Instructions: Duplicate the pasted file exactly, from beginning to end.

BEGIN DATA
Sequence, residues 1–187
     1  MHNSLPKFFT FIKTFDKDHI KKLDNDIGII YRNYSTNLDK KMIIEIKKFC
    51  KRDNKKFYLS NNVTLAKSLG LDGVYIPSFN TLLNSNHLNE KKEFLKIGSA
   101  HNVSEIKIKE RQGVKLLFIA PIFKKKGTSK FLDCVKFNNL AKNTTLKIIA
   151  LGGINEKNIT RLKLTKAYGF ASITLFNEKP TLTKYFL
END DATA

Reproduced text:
Sequence, residues 1–187
     1  MHNSLPKFFT FIKTFDKDHI KKLDNDIGII YRNYSTNLDK KMIIEIKKFC
    51  KRDNKKFYLS NNVTLAKSLG LDGVYIPSFN TLLNSNHLNE KKEFLKIGSA
   101  HNVSEIKIKE RQGVKLLFIA PIFKKKGTSK FLDCVKFNNL AKNTTLKIIA
   151  LGGINEKNIT RLKLTKAYGF ASITLFNEKP TLTKYFL